Dietary intake and urinary level of cadmium and breast cancer risk: A meta-analysis.


Cadmium, a human carcinogenic heavy metal, has been reported to be associated with breast cancer risk; however, the results from the epidemiological studies are not always consistent. The objective of this study was to quantitatively summarize the current evidence for the relationship between cadmium exposure and breast cancer risk using meta-analysis methods. Six studies determining the dietary cadmium intake level and five studies evaluating the urinary cadmium level were identified in a systematic search of MEDLINE and PubMed databases, and the associations between these levels and breast cancer risk were analysed. The pooled estimates under the random-effects model suggested that higher urinary cadmium levels were associated with an increased risk for breast cancer (highest versus lowest quantile, pooled odds ratio [OR]=2.24, 95% confidence interval [95%CI]=1.49-3.35) and a 1μg/g creatinine increase in urinary cadmium led to a 1.02-fold increment of breast cancer (pooled OR=2.02, 95%CI=1.34-3.03); however, pooled estimates for dietary cadmium intake found no significant association between cadmium exposure and breast cancer risk (highest versus lowest quantile, pooled relative risk [RR]=1.01, 95%CI=0.89-1.15). These results suggest that cadmium exposure may lead to an increased risk of breast cancer, and urinary cadmium levels can serve as a reliable biomarker for long-term cadmium exposure and may predict the breast cancer risk.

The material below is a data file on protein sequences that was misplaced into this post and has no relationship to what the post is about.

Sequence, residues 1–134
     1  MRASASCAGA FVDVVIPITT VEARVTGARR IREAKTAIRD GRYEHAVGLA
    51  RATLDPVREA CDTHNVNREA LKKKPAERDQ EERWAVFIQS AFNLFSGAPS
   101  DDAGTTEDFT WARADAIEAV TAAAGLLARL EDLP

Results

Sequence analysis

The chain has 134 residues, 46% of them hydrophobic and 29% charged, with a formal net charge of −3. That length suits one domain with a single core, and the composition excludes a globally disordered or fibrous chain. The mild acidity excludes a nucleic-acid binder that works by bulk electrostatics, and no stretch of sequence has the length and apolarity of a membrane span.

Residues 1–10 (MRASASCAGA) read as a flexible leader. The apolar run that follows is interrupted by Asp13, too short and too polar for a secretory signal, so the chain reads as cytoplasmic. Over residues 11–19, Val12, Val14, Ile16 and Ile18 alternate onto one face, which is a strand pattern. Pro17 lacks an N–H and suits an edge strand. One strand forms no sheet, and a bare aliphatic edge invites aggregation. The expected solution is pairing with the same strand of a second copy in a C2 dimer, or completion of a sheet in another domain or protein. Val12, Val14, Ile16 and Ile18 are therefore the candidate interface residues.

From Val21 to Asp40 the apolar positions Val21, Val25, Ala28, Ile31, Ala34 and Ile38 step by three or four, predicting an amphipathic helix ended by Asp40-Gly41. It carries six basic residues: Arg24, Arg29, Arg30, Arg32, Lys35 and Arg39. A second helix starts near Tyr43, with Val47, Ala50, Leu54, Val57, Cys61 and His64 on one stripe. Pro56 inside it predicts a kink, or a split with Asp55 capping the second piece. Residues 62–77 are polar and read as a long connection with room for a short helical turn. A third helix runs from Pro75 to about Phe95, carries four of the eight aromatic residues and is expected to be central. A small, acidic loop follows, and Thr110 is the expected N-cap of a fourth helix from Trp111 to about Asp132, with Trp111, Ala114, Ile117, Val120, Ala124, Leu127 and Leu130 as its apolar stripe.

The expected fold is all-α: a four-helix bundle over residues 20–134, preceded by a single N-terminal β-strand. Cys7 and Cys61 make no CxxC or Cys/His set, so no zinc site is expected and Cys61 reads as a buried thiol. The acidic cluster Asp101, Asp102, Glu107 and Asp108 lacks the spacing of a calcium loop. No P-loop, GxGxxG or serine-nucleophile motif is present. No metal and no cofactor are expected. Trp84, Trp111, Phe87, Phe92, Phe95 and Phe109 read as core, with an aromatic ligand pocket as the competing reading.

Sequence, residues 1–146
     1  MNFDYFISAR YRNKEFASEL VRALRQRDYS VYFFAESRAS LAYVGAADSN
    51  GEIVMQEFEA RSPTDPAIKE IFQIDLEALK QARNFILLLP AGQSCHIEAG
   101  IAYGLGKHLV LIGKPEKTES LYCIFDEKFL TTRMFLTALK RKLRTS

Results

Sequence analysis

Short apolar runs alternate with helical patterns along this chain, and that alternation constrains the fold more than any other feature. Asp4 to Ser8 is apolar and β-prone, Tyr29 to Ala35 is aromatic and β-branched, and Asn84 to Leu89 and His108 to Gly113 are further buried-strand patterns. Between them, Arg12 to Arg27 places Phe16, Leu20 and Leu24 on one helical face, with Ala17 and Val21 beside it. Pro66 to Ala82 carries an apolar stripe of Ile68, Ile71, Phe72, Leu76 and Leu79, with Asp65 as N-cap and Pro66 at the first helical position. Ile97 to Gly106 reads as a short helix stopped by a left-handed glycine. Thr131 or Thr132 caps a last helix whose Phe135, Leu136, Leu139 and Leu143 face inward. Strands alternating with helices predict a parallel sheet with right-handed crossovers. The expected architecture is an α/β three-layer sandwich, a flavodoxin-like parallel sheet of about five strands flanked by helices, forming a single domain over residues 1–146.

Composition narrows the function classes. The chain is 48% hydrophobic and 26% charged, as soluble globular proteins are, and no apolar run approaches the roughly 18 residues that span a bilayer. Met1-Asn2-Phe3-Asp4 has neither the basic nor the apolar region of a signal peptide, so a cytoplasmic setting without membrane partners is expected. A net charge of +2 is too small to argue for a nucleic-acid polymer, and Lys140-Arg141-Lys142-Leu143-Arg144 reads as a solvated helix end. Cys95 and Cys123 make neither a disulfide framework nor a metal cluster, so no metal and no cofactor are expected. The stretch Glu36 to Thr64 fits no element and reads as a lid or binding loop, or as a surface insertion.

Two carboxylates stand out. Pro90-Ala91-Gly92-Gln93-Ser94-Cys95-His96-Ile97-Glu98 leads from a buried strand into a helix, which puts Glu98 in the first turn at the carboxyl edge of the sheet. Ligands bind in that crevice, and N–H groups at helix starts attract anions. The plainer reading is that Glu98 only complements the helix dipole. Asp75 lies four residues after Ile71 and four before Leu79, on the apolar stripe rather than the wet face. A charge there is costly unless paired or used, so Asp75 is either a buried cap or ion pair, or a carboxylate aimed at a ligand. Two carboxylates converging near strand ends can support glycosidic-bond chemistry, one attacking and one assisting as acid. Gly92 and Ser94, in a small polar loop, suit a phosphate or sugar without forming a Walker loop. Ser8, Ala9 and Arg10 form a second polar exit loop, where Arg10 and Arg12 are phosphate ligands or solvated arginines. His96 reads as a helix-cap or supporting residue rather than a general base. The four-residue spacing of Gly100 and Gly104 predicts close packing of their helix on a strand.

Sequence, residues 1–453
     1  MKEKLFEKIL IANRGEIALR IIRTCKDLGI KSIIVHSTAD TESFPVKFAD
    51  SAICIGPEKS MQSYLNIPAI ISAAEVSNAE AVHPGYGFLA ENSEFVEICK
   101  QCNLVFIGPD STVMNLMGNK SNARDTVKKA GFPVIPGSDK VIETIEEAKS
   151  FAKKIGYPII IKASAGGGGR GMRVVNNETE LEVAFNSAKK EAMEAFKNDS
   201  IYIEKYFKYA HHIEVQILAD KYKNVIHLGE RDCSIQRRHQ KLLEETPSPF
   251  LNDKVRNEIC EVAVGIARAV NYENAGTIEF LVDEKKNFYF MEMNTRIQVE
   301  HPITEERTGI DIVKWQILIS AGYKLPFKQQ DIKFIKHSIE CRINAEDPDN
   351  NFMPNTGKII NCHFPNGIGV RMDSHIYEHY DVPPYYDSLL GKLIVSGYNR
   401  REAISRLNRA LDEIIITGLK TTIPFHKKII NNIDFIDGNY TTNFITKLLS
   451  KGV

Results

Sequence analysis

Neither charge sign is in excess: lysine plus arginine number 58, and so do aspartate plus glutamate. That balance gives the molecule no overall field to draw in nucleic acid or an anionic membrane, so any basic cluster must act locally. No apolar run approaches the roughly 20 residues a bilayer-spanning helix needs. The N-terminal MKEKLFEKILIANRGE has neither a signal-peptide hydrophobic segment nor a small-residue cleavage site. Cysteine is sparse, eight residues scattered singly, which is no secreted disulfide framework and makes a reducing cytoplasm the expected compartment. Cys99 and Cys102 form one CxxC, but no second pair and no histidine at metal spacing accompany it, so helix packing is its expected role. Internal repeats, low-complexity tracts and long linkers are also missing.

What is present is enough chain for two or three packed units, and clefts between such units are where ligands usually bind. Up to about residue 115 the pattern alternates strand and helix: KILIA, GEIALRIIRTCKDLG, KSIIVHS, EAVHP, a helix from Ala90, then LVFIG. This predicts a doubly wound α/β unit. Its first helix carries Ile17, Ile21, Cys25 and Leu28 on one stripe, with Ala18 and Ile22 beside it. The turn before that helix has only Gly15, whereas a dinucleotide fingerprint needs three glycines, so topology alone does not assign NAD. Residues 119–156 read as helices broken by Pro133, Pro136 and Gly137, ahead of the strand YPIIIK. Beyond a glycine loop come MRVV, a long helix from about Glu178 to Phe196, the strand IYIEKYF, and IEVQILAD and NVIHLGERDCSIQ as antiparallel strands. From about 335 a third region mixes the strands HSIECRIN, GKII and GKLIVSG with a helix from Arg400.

DOI: 10.1016/j.canep.2016.04.002

6 Figures and Tables


Citations per Year

59 Citations

Semantic Scholar estimates that this publication has 59 citations based on the available data.

See our FAQ for additional information.

Cite this paper

@article{Lin2016DietaryIA, title={Dietary intake and urinary level of cadmium and breast cancer risk: A meta-analysis.}, author={Jinbo Lin and Zhang Feng and Yi-xiong Lei}, journal={Cancer epidemiology}, year={2016}, volume={42}, pages={101-7} }